Lecture 7 Notes
Subject: Modeling of rocket nozzles; effects of nozzle area ratio.
In the last lecture we saw how the throat area of the nozzle controls the mass flow rate. Now
we will explore the effects of the shape of the nozzle downstream of the throa

Lecture 2 Notes
Subjects: Rocket staging; Range of aircraft; Climb & Aceleration
1) Rocket Staging
The reason for staging is to avoid having to accelerate empty tanks. Assume for
simplicity only two stages; one does not want to stage either too early (and

Lecture 5 Notes
Subjects: Non-Chemical rockets; Optimum exhaust velocity
1) Non-chemical rockets
A shared characteristic of all non-chemical propulsion systems is that the energy and
propellant mass are separate initially
Chemical
.
mc
Chemical
Energy
mas

Lecture 1 Notes
Subjects: Rocket Equation; Gravity Loss; Optimum Acceleration.
1) Rocket Equation
A rocket is a propulsive device that produces a thrust force F on a vehicle by ejecting
mass a high relative velocity c. This force is simply equal to the ra

Lecture 4 Notes
Subjects: Hyperbolic orbits. Interplanetary transfer.
(1) Hyperbolic orbits
The trajectory is still described by r
, but now we have >1, so that
1 cos
the radius tends to infinity at the asymptotic angle cos 1 (1 / ).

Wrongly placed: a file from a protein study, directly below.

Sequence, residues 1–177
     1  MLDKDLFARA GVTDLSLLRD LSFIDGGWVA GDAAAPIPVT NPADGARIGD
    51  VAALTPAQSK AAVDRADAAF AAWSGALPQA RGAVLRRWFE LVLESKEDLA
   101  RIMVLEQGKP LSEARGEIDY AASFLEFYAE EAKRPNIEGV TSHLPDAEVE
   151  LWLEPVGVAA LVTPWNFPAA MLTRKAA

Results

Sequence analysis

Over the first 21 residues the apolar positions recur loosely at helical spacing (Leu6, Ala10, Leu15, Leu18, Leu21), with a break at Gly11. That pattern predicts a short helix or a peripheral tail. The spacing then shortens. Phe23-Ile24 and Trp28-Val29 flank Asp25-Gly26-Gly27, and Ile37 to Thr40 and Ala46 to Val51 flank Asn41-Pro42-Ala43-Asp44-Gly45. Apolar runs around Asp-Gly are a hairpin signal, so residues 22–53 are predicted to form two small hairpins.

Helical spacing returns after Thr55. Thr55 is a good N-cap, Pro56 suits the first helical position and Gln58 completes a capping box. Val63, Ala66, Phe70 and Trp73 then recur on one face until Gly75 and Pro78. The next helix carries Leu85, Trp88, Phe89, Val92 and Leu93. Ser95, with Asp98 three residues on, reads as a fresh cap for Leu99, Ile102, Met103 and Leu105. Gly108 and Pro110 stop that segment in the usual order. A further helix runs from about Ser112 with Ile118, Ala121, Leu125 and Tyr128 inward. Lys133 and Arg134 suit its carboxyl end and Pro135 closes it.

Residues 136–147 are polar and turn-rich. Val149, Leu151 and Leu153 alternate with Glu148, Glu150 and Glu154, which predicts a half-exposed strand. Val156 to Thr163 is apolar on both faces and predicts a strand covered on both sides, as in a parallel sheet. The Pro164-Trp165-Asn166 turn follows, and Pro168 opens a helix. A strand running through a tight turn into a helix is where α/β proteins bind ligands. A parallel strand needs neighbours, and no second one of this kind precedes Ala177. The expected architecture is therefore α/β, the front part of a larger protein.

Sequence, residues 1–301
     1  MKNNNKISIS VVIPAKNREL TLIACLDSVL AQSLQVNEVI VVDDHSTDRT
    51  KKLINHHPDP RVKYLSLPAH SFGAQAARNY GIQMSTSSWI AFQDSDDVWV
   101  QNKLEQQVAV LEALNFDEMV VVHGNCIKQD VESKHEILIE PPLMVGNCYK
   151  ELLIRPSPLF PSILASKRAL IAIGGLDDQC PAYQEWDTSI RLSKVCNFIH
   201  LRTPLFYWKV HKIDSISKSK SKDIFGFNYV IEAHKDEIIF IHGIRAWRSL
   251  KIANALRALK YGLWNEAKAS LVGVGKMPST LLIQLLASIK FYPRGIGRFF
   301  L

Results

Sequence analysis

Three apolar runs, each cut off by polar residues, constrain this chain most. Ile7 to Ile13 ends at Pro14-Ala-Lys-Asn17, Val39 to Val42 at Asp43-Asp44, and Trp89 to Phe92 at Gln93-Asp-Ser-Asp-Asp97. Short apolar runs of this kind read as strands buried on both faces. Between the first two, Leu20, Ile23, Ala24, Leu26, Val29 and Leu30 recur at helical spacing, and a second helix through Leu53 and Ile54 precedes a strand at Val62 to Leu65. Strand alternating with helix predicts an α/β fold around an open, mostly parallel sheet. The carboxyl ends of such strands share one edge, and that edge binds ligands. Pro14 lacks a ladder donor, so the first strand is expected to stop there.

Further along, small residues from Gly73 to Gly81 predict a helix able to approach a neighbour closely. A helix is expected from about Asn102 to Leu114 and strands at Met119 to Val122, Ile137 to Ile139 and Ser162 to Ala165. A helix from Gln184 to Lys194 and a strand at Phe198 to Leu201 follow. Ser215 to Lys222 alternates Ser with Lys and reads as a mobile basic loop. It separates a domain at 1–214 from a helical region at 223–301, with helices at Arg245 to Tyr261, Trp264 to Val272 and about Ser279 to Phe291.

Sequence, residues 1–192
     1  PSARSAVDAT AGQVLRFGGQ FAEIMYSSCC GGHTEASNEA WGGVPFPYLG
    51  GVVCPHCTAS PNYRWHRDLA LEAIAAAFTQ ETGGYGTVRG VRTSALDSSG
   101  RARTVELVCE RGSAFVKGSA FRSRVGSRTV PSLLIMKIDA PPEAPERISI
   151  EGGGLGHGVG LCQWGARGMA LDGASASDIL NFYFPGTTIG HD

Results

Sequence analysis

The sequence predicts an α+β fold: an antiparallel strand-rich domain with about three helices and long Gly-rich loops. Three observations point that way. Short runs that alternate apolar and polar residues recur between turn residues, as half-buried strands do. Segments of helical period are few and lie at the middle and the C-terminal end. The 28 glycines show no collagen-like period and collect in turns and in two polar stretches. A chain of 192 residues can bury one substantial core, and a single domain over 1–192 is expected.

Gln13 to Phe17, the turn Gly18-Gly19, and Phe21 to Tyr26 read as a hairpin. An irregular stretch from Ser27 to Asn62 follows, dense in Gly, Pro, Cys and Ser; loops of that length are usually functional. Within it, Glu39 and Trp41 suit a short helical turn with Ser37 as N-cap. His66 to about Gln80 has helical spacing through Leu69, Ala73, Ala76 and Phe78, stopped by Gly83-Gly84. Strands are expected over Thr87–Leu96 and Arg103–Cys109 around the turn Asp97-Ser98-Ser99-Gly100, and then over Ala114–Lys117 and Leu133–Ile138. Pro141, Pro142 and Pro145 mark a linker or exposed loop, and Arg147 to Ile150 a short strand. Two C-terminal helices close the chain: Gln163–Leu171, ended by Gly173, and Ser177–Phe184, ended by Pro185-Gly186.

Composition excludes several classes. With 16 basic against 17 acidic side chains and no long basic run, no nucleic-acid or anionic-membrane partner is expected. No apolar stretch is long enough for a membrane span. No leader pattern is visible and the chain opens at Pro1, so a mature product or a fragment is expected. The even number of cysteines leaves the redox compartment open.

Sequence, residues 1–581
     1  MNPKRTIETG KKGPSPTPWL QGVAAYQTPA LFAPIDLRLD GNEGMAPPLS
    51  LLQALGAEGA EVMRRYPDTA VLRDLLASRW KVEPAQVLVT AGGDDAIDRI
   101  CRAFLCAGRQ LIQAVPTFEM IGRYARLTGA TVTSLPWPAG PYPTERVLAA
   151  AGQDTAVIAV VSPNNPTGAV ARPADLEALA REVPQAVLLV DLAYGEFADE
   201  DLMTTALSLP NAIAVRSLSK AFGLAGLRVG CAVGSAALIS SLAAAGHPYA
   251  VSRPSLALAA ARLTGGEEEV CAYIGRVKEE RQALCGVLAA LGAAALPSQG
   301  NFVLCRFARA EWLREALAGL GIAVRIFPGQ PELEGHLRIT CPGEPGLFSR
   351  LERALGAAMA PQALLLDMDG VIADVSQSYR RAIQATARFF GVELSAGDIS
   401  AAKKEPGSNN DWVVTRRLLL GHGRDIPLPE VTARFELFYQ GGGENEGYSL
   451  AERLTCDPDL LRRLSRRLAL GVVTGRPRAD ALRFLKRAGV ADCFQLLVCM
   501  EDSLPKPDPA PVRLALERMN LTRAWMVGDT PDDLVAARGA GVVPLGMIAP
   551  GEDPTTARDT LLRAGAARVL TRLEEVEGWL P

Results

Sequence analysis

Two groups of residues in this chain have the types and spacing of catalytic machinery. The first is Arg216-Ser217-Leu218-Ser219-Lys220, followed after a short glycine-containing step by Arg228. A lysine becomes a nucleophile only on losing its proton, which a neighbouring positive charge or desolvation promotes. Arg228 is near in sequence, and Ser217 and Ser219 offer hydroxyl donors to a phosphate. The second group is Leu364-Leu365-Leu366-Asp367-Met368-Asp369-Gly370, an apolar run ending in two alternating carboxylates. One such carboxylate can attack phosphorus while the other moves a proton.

p
The parameter p s

Lecture 6 Notes
Subject: Modeling of Thermal Rocket Engines; Nozzle flow; Control of mass flow
Though conceptually simple, a rocket engine is in fact physically a very complex device and
difficult to represent quantitatively by mathematical models. But th

Lecture 9 Notes
Subject: Solid Propellant Gas Generators; Stability; Grain designs
We have thus far discussed two models for the nozzle flow in rocket engines, the Channel
Flow Model and the Two Dimensional Isentropic Model. Now we will introduce a model

Lecture 8 Notes
Subjects: Types of Nozzles; Connection of flow to nozzle shape.
Types of Nozzles
The axisymmetric convergent-divergent "bell" nozzle that has been used as the example to
this point is the standard for rocket nozzles, for several reasons:
1

Lecture 10 Notes
Subjects: Models for rocket engines; Flow of reacting gases
Models for Rocket Engines
In Lecture 6 we described in general terms a set of models we might use to describe the
various features of rocket engines, making the point that no one

Lecture 3 Notes
Subjects: Orbital mechanics; Single force center
The most usual application of rocket engines is to propel vehicles under conditions where
the behavior of the vehicle is largely determined by the gravitational attractions of one or
more bo